We often feel nervous, tensed, and worried at times due to our everyday life experiences such as work and financial difficulties, family problems and other challenges. Anxiety is a normal part of life, as we may feel anxious from time to time, however, if the feeling of anxiety does not go away for six (6) months and is already putting much traction in your daily life, then you might already be suffering from generalized anxiety disorders (GAD).
Globally, GAD is one of the most common mental illness and is associated with increased use of health services. Alongside depression and substance use disorder, anxiety completes the list for the most prevalent mental and psychiatric conditions in Australia. More than two million Australians experience anxiety in 12 months. Globally, around 1 in every four people (one in three women and one in five men) will experience anxiety in some way or another at a point in their lives. It tends to be more common among women than in men. Manifestations of anxiety may begin at childhood or teenage years and may persist into adulthood.
Treatment of GAD may involve psychotherapy (psychologist provides the therapy and do not use drugs or other medical means) or medical interventions with medicines, in some cases, a combination of medications and psychotherapy may be required.
The most significant symptom of generalized anxiety disorder is excessive, persistent worrying. Alongside the long duration of nervousness, feeling of tension and worrying, below are also frequent manifestations of GAD.
The causes of GAD are not yet fully explained by medicine although researchers found that genetic factors may play a role in the existence of GAD; it can also be passed on from parents to siblings.Children who have been exposed to traumatic events during their childhood may have a higher chance of developing GAD in their adult life. It is also more likely to occur to people with timid and shy type personality and to people who have “neuroticism” (negative affectivity)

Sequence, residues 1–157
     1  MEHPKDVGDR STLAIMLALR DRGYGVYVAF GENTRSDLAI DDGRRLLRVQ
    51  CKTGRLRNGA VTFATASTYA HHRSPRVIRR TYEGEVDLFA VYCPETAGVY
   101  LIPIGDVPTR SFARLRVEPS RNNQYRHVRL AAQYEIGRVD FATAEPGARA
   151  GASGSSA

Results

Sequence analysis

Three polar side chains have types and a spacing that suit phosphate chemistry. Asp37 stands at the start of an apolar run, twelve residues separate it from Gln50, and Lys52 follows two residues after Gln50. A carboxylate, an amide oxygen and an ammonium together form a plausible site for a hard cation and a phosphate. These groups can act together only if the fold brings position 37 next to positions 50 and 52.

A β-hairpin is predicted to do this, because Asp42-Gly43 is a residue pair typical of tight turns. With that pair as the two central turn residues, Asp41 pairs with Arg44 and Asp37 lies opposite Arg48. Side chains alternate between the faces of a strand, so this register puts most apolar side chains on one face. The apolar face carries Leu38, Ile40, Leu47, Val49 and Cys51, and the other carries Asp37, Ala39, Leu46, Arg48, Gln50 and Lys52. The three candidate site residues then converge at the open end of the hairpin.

Severe life experiences may likely trigger GAD to people predisposed to anxiety disorders. However, in other people, anxiety disorders may be secondary to medical problems such as heart, thyroid,and endocrine disorders or may be a result of withdrawal from alcohol, medications or illicit drugs. Drugs that may trigger anxiety include alcohol, caffeine, cocaine, stimulants, steroids, and weight loss products.
The doctors will be looking at these criteria (adopted from Diagnostics and Statistical Manual DSM-5) for them to diagnose you with Generalized Anxiety Disorders: You must experience a disproportionate level of anxiety and worry that is:
You also need to present 3 or more of the following symptoms:
A psychologist can also give a psychological test and examination to evaluate your anxiety further. Your doctor may also advise getting more routine medical test such as blood test, physical examination,and history taking. These tests will help your doctor check if your anxiety is related to other medical causes such as substance abuse, endocrine disorders, hyperthyroidism or heart-related diseases.
Your doctor or psychologist can provide non-drug therapy in the initial diagnosis of your GAD such as:
Otherwise, if the condition does not improve with non-drug treatments, your doctor may add pharmacotherapy. Patients with anxiety disorders may require more than 6 months of treatment with drugs. Remission is highly possible with a combination of non-drug therapy and medications. Common medications use in anxiety disorders are the following: